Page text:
Zooming – June 2019

So many aspects of nature to photograph in June: flowers and butterflies, frogs and birds…bunnies.

There were photos around home or close to home…and then in Missouri and Ohio. I’ll be learning the route between home and Missouri with two more trips in July…I’ll see how different the places look a month later.

There’s beauty to be found all over if we take the time to look for it!

Zooming – May 2019

It’s the end of the month – and time to select some images that I utilized the zoom on my camera to capture. I took over 2,000 images in May and at least half of them used that feature – so I had a lot to choose from.

There are quite a few birds in the slideshow this month. Can you find: red-winged blackbird displaying its colors, oystercatcher on the beach, laughing gull, least tern on a barrel, osprey on their nest, peregrine falcon with chicks, and several crowds of shorebirds. The bird feet are those of a mockingbird.

There is a painted turtle, ghost crab and horseshoe crab in the mix as well.

Enjoy the May slideshow!

Zooming – April 2019

The accelerating change of the seasons in Maryland and Texas…so much to see and do. I’ve picked a few of my favorite images captured with the zoom on my camera. There are insects in at least two of the flower images (maybe a third)….the little critters enjoying the spring bounty. Enjoy the April slideshow!

Zooming – February 2019

So many pictures captured with the zoom feature of the camera:

  • The framing of a sunrise so that no post processing is required

  • Birds photographed only because my presence was not detected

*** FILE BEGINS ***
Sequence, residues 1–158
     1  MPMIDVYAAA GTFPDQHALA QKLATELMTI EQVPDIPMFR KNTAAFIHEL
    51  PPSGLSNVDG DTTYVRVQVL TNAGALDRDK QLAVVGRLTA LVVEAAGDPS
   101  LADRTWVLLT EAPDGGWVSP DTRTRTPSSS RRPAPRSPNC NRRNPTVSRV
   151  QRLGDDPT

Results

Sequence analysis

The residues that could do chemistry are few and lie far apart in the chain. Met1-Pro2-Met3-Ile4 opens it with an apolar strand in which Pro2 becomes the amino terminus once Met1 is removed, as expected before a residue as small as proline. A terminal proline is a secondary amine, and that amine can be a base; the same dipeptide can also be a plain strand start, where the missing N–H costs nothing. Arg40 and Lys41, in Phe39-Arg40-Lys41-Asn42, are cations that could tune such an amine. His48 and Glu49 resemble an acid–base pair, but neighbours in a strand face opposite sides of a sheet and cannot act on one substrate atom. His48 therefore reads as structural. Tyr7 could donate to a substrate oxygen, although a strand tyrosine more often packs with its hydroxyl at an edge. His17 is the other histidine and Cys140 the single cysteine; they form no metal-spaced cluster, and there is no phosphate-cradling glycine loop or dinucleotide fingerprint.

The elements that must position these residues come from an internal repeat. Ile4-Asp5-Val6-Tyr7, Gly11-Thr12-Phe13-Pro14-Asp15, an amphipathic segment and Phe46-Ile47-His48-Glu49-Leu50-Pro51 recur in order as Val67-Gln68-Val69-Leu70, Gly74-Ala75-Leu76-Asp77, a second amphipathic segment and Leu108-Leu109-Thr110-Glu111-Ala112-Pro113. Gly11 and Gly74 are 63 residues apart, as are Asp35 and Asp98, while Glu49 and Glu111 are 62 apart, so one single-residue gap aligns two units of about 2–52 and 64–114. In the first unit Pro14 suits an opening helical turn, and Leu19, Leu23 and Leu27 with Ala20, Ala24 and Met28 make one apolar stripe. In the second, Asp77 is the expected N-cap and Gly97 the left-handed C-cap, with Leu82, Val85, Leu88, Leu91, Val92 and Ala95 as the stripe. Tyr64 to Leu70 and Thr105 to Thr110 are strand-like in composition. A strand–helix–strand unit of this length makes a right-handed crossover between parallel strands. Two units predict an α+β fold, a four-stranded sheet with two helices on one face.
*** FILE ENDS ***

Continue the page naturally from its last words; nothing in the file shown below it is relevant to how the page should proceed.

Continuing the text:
• Documenting an oddity like a unique squirrel tail

  • Plants filling the frame…but the bit of background a blur

I estimate that most of the pictures I take use the zoom on my camera. The advantage of positioning myself at the right angle but not needing to be overly close is not to be underestimated. Before modern lenses, sensors, and autofocus photography was much more challenging. Now it is much more about composition and that is the part I enjoy more than anything else anyway. Being at the right place – and fast enough to use the technology – is the remaining challenge.

Zooming – January 2019

I have a bigger than usual group of images for the zooming post this month – primarily from a trip from Florida last week. They’ll be more details in posts coming out over the next few weeks. So sit back and enjoy the slide show. It only includes one snow picture!

Zooming – December 2018

It’s been somewhat cold this month – but no snow yet. I’ve enjoyed photographing our transition to winter using the zoom on my camera to set the frame of the scene and/or to enable me to stay out of the mud (we’ve had lots of rain) or indoors and warm. There is still a little green left…and the sky sometimes seems brighter when its clear and cold. Enjoy the December 2018 Zoom slideshow!

Zooming – November 2018

The last day of November. The month has been a busy one and I enjoyed selecting 13 images from when I enjoyed the zoom feature of my camera the most. The picks include fall leaves, a sunset, cranes grooming/snoozing/waking up, screwbean mesquite seeds, agave, a pruned prickly pear stem, barrel cactus thorns, cranes in the early morning, cranes in golden light with snow geese, northern mergansers in action, the moon, a snow goose feather, and some milkweed seeds.

And now we forge ahead into December and another month with a lot of the calendar.

Zooming – October 2018

The fall foliage had not been as colorful as usual this fall…but there has still been a lot to see outdoors – aided my the zoom on my camera: Canadian geese, a common buckeye butterfly, webs of funnel spiders on a root ball of an overturned tree, colorful ferns, milkweed seeds spilling out, tiny mushrooms in mulch, a spider web highlighted by water droplets, and a female cardinal with fluffed feathers. Enjoy the slide show!